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Fit for 55 package: carbon pricing in the transport sector

The European Green Deal aspires to reduce the transport sector’s dependence on fossil fuels. In that context, the Commission presented the ‘Fit for 55 Package’ on 14 July 2021. This legislative package aligns the EU’s legislation with the 55% emission reduction target to be achieved by 2030. In order for the transport industry to play its part, the EU is increasing its efforts to put a price on CO2 emissions. Dr2 Consultants will demystify the Commission’s greening efforts within the ‘Fit for 55 Package’ through three illustrative examples of increased carbon pricing across different transport modalities.

1. Eurovignette and CO2 emission standards to decarbonize road transport

The use of road infrastructure by heavy-duty vehicles is regulated through the Eurovignette Directive. The revision of this file, first tabled in 2017 by the Commission, has entered the final stages of the decision-making procedure, and is not part of the Fit for 55 Package. The co-legislators reached in June an agreement on the revision. According to the agreement, time-based road charges will be phased out for heavy-duty vehicles on the core TEN-T network (main routes where most international transit of commercial vehicles takes place). Additionally, the revision grants Member States the possibility to set up combined charging system for heavy-duty vehicles, based on both time-based and distanced-based elements, in order to allow full implementation of the user-pays and polluter-pays principles.

The decarbonization of heavy-duty road transport will also be further incentivized by the introduction of a new system of varying road charges based on CO2 emissions.

With regards to passenger cars and light-duty vehicles, which are responsible for 75% of EU road transport CO2 emissions, the EU tabled as part of the Fit for 55 package the revision of the Regulation setting CO2 emission performance standards for cars and vans. The CO2 reduction target for cars, currently set at 15% for 2025 and 37,5% for 2030 compared to 2021 levels, have been raised in order to ensure that all cars registered as of 2035 will be zero-emission. The new targets require average emissions of new cars to come down by 55% from 2030 and 100% from 2035, compared to 2021 levels. This implies that the European Commission sees no future for the internal combustion engine in the future of the European transport sector.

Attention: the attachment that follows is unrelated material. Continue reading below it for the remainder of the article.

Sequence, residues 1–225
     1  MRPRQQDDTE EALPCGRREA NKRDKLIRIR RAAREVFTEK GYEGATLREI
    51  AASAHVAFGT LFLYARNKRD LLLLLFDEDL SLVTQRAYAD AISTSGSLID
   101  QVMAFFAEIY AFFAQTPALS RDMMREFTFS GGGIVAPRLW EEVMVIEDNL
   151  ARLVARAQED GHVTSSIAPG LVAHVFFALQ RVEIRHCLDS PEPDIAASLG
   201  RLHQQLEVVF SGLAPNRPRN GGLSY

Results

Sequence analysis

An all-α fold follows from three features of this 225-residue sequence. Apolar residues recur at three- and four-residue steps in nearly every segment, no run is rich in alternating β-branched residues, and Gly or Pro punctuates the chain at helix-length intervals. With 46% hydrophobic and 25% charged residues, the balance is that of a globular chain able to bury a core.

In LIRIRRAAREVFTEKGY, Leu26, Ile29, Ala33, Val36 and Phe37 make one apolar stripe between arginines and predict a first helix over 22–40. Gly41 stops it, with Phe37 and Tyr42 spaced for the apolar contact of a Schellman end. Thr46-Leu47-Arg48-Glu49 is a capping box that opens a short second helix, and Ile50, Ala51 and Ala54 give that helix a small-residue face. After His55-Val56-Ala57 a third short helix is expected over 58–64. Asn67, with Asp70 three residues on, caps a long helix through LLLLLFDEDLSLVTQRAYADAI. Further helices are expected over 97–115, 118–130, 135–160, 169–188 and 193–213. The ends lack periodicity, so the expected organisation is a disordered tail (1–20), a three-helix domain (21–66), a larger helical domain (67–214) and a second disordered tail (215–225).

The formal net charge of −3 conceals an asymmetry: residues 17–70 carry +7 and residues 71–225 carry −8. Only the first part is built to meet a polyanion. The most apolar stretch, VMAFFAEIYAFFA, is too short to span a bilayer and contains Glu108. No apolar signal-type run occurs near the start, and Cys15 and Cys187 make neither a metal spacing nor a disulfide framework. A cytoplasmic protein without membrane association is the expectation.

Considering both aforementioned proposals, Dr2 Consultants expects that the various Fit for 55 carbon pricing measures in the road transport sector will stimulate the market demand for zero- and low emission vehicles, both for passenger as well as freight transport.

2. Extending the EU ETS to the maritime sector

The EU Emissions Trading System (EU ETS), the EU’s instrument to measure and price carbon emissions per unit, is also being revised as part of the Fit for 55 Package. The revised proposal does not only increase its ambition to reduce the number of EU-wide annual allowances at a quicker pace (which will significantly drive up the price for CO2 per ton by cutting supply of emissions permits), but it also extends its scope towards other sectors, including emissions from maritime transport. As a reasoning behind the inclusion of maritime transport in the EU ETS, the European Commission states that maritime transport emissions are currently higher than in 1990 and these are expected to grow further in a business-as-usual scenario. 

Fit for 55 services

The extension of the EU ETS to maritime transport applies in respect of emissions from incoming voyages (i.e. emissions from ships arriving at an EU port from a port outside the EU, as well as intra-EU voyages) and emissions occurring at berth in an EU port. The revision plans for the obligation to surrender allowances is to be gradually phased-in over the period between 2023 to 2025.

Investments to support the decarbonization of the maritime transport sector will be supported by the Innovation Fund.

The inclusion of maritime emissions in the scope of the EU ETS, and especially the determination of which emissions are covered (intra-EU voyages, emissions at berth in EU ports, as well as ships arriving at an EU port with their last port of call being outside the EU) risk impacting the competitiveness of the EU maritime transport at global level.

3. Revising energy taxation: end fossil fuel subsidies and incentivize green alternatives

The Energy Taxation Directive (ETD) sets the rules for the taxation of energy products such as motor fuels or electricity. The Commission also proposed a revision as part of the Fit for 55 Package in order to align the taxation of energy products with EU energy and climate policies and end outdated tax exemptions and incentives for the use of fossil fuels, for example the exemption for fuels in the aviation and maritime transport sectors.